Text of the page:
The granddaughter of writer Vita Sackville-West, Nicolson offers an engaging story covering just four summer months in 1911. English society was living large; there seemed no end to its extravagances. Meanwhile-and as always-the lower classes struggled, and the war loomed. Nicolson concentrates on specific persons representing different social strata and adds a great deal of humor to describe some of the period's eccentricities. Among the figures she includes are Winston Churchill (then home secretary), the scandalous Lady Diana Manners, and Queen Mary. Nicolson had access to many primary sources, some never before seen by the public. In a satisfying epilog, she tracks the fates of the personalities on whom she focuses. A best seller in Britain (and deservedly so), this quick, enjoyable read shows the inevitability of the decline of the aristocracy by blending serious history, quirky details, and an all-encompassing portrait of English society. Recommended. [See Prepub Alert, LJ 1/07.]-B. Allison Gray, John Jermain Memorial Lib., Sag Harbor, NY Copyright 2007 Reed Business Information.
The granddaughter of Bloomsbury notables Vita Sackville-West and Harold Nicolson chronicles the minutiae of the hot, sunny summer of 1911, when the rich crammed in a succession of parties as industrial strikes almost brought the country to a standstill, and WWI loomed on the horizon. Under Nicolson's lavish attentions, "upstairs" and "downstairs," the weighty and frivolous spring to vivid life. While Mary approached her upcoming coronation as queen with dread, Leonard Woolf fell in love with his Cambridge pal's sister, the budding novelist Virginia Stephen. The bewitching marchioness of Ripon arranged for Diaghilev's Ballets Russes to perform at Covent Garden, and the Times revealed that certain servants were selling juicy tidbits about their aristocratic employers to American newspapers. Trade unionist Mary Macarthur's fight for women's rights meshes artfully with racy novelist Elinor Glyn's adulterous affair with ambivalent lover Lord Curzon. Lady Diana Manners's tart observations of her debutante season segue to a rendezvous between a footman and a kitchen maid. Drawing on a wide variety of primary sources-from Churchill's memoirs to the tell-all What the Butler Winked At-journalist Nicolson's debut, a British bestseller, serves up a delightfully gossipy yet substantial slice of social history. Photos not seen by PW. (June) Copyright 2007 Reed Business Information.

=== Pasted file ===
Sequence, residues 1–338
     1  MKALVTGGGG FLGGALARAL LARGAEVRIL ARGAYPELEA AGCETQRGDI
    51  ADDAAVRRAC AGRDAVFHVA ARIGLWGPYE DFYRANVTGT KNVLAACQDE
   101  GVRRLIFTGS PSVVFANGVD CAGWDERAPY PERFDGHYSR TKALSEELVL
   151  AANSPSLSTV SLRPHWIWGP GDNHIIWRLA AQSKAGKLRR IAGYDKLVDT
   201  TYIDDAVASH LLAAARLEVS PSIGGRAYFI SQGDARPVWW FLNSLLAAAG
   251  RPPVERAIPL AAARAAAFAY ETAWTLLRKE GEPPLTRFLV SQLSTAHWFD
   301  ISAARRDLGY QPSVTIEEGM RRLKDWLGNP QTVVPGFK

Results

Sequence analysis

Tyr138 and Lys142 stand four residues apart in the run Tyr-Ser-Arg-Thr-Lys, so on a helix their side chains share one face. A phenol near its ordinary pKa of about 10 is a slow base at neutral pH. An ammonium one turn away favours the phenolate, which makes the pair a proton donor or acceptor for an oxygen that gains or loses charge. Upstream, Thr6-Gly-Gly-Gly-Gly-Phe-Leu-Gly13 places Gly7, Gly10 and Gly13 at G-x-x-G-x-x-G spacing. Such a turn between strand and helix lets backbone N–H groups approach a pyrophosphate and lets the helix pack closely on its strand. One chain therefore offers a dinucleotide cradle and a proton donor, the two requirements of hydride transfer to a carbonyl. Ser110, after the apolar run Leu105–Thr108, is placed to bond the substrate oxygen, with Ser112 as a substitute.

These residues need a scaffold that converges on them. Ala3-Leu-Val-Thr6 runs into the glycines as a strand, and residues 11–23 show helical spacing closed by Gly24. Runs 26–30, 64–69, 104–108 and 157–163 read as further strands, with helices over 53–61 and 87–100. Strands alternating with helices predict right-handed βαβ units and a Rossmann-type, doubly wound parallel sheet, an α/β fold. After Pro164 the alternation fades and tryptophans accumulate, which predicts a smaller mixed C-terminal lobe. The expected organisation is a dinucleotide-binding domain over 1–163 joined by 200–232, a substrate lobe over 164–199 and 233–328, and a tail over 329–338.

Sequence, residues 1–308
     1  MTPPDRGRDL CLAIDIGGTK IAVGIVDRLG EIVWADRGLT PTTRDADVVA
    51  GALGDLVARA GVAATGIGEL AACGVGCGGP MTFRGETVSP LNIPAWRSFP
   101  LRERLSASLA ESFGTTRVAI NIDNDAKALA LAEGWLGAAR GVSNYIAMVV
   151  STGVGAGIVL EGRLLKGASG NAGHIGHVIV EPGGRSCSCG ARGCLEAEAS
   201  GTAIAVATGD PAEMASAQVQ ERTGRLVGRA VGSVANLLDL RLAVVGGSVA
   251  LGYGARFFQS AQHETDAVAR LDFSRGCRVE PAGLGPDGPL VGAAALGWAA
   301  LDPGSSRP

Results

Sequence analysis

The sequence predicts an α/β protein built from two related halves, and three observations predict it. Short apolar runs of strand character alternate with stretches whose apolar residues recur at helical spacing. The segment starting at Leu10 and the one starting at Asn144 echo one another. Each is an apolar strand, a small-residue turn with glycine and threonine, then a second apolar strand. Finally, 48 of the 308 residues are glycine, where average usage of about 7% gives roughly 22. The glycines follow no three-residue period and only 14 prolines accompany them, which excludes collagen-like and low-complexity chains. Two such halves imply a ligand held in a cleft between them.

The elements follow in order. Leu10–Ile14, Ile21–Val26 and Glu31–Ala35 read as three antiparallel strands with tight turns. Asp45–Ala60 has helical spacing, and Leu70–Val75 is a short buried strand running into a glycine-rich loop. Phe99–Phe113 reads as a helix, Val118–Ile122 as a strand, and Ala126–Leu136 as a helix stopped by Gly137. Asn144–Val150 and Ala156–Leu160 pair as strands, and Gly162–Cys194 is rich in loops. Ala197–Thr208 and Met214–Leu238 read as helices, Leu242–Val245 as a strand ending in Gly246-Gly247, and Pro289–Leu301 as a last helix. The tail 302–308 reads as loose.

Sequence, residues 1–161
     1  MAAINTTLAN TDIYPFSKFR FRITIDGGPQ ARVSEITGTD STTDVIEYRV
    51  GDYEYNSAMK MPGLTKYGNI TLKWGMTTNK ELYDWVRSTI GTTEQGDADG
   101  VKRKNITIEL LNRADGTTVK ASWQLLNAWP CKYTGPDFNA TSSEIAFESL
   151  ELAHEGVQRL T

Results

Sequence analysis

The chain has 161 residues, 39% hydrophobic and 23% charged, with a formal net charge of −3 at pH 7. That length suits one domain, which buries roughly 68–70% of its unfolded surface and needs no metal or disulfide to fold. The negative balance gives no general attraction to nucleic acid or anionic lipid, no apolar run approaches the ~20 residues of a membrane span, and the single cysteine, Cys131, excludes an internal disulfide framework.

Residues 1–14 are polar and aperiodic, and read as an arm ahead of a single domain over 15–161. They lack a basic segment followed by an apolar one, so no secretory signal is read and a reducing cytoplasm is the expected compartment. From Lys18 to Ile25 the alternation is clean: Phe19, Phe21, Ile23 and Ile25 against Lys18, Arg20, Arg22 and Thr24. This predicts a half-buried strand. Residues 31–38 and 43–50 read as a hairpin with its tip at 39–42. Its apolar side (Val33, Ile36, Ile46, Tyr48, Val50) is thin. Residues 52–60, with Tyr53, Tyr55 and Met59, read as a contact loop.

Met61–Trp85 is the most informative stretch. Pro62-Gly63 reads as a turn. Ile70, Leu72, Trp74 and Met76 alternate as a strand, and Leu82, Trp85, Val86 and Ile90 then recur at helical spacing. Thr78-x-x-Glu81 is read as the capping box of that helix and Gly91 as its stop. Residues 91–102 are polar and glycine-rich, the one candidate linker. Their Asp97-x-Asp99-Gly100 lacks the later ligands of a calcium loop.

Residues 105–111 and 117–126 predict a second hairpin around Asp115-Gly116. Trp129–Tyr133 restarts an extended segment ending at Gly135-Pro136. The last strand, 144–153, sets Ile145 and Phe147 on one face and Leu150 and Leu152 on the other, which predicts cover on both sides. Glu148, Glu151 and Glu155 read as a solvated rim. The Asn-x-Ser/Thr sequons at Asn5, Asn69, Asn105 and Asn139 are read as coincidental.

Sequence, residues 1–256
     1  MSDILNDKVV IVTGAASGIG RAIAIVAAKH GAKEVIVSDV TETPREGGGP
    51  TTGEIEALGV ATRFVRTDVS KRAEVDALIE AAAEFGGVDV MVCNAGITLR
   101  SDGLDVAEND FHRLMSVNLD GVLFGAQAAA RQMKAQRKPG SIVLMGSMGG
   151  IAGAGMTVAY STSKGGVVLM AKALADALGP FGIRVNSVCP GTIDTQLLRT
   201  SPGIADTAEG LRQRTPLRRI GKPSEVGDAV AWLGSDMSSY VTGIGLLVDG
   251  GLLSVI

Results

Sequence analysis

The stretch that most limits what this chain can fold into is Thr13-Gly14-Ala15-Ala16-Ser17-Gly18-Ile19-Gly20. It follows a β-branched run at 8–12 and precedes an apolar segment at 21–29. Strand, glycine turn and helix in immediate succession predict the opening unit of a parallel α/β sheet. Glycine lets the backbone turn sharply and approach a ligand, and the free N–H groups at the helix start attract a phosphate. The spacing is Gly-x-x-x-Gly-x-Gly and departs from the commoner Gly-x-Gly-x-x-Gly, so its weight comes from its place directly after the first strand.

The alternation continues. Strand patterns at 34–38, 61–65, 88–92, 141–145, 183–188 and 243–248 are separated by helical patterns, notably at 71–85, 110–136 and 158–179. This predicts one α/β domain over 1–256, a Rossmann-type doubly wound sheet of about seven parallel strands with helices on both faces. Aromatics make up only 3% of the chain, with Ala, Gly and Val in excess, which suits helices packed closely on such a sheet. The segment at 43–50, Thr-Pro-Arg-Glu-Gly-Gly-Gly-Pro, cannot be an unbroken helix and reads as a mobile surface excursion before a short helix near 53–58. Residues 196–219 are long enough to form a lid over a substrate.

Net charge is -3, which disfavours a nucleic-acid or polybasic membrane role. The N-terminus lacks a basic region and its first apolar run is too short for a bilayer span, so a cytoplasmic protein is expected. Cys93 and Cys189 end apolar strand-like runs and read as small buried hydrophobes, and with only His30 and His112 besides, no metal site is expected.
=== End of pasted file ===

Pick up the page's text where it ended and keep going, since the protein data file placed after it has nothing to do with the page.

"A hugely interesting portrait of a society teetering on a
precipice both nationally and internationally . . . As page turning
as a novel." -- Joanna Trollope
"Detail makes Juliet Nicolson's portrait of a single Edwardian year such a fascinating read. . . . I felt transported into what Nicolson felicitously describes as 'one of the high sunilt meadows of English history.'" -- Antonia Fraser
"Buried deep within this deliciously evocative book, there is a single story that involves a grand country house and a lord, a man, not his wife, a cry of celebratory sexuality. This story alone makes the volume's purchase price worthwhile. And there are hundreds more like it. Juliet Nicolson has fashioned for us a treasure-trove, doubly perfect for winter." -- Simon Winchester
"A wonderfully evocative portrait of English society on the brink of a changing world. Juliet Nicolson has invented a new kind of social history." -- Tina Brown
"Juliet Nicolson transports us back to the enchanted and enchanting summer of 1911. She guides us through its four months in company with some of the most delightful people imaginable. It is a wonderful and poignant tour that proved to be a farewell appearance to their world." -- David Fromkin